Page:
In the West we have no common spiritual tradition. The closest we come is an empty imitation of the old myths and legends of a Middle Eastern tribe of genital mutilators. Where the Buddhists pray for an end to the suffering of all sentient beings and the Hindus know for certain that consciousness survives the death of the physical body, we Westerners are still mutilating the genitals of our baby boys and living in utter terror of the day our vital organs shut down. Luckily, there is historical precedent for solving these problems.

The natural spiritual traditions of Westerners were destroyed by successive waves of Abrahamic invasions, beginning when the Romans made the terrible mistake of taking in Abrahamic refugees. Allowing this evil supremacist tradition into the West had the effect of corrupting those tasked with maintaining these natural spiritual traditions, ending with their replacement by hollow lies.

Before the Abrahamists invaded, Europe was rich in folk spiritual practices, with use of the amanita muscaria mushroom in the North and psilocybin mushrooms in the South allowing our forebears to reconnect with God. Not only did the ancients use psychedelics, but they did so frequently and with reverence, like any skilled practitioner would use them today.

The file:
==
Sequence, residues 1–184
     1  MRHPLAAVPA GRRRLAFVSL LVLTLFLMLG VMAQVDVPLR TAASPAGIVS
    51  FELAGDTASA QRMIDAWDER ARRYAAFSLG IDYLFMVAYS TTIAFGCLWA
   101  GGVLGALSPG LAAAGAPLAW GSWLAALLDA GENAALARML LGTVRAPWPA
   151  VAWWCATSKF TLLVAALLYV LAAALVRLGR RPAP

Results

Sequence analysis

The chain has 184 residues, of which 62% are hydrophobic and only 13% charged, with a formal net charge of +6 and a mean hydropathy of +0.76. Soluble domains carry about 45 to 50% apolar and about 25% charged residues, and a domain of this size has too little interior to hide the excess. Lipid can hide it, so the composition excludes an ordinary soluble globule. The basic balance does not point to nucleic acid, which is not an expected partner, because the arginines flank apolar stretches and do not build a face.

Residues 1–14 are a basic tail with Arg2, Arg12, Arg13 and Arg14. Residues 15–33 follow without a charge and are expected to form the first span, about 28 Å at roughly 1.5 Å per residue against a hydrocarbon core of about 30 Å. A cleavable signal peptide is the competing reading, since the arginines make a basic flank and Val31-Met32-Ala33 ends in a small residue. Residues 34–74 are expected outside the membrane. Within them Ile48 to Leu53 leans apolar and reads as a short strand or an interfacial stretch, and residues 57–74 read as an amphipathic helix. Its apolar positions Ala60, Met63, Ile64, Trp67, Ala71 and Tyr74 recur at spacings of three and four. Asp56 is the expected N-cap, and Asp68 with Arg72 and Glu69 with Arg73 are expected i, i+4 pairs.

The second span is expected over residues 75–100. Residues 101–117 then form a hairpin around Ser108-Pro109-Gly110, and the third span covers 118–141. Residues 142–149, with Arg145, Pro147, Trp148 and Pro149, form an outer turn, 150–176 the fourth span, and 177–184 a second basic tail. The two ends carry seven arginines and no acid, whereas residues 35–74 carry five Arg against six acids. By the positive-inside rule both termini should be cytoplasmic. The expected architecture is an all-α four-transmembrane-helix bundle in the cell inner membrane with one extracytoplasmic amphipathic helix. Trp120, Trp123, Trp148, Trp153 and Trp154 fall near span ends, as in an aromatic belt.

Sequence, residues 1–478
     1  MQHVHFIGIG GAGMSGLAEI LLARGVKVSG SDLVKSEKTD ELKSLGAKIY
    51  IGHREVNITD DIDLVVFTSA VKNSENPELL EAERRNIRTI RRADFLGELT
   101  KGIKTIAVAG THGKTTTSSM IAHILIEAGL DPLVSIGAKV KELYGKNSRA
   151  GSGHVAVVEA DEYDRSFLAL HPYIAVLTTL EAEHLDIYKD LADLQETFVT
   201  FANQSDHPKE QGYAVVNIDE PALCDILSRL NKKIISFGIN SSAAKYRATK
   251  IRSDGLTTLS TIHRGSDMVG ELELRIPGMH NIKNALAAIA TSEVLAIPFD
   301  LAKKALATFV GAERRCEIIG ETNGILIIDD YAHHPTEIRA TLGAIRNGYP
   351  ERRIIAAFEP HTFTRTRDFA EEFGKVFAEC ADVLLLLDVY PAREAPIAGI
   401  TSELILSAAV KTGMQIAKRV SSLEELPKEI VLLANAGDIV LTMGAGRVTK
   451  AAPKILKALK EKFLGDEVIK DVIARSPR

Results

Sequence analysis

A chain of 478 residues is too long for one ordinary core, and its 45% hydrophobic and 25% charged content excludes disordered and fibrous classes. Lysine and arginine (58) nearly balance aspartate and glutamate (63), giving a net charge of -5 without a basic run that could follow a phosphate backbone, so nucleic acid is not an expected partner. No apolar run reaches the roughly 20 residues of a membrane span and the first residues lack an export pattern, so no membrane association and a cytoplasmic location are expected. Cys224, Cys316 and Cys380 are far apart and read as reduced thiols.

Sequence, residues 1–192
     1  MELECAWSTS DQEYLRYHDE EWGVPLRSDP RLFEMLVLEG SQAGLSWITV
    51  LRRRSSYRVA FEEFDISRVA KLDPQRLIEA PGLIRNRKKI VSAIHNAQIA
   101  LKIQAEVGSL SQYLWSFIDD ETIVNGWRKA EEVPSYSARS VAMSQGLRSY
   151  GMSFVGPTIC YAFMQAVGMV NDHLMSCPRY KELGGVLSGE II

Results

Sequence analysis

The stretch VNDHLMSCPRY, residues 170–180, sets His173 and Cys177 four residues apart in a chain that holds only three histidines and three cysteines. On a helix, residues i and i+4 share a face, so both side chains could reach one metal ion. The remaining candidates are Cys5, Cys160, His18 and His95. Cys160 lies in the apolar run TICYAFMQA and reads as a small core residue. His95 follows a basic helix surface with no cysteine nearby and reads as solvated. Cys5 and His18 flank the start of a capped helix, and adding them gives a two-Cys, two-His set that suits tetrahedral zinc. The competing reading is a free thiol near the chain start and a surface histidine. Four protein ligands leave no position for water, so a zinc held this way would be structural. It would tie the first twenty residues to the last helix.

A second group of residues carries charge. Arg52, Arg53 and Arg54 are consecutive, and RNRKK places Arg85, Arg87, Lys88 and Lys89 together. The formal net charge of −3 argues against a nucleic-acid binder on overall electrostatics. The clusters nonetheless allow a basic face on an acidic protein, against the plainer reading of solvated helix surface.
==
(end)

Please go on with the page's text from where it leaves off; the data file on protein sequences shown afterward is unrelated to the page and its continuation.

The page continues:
The amanita muscaria folklore lives on in our stories about Santa Claus and his reindeer (Santa’s red and white costume represents the mushroom, his rotund build represents its roundness. The reindeer are there because Nordic shamans would potentiate the psychedelic effect of the mushroom by inducing reindeer to eat it and then drinking the animals’ urine).

The ancient Greeks partook in the ceremony at Eleusis once every mushroom season, and they did so with such reverence that to this day no-one is quite sure of precisely what the recipe of the kykeon was. This enabled them to see the world beyond in a way that had up until then been the province of exceptionally gifted shamans.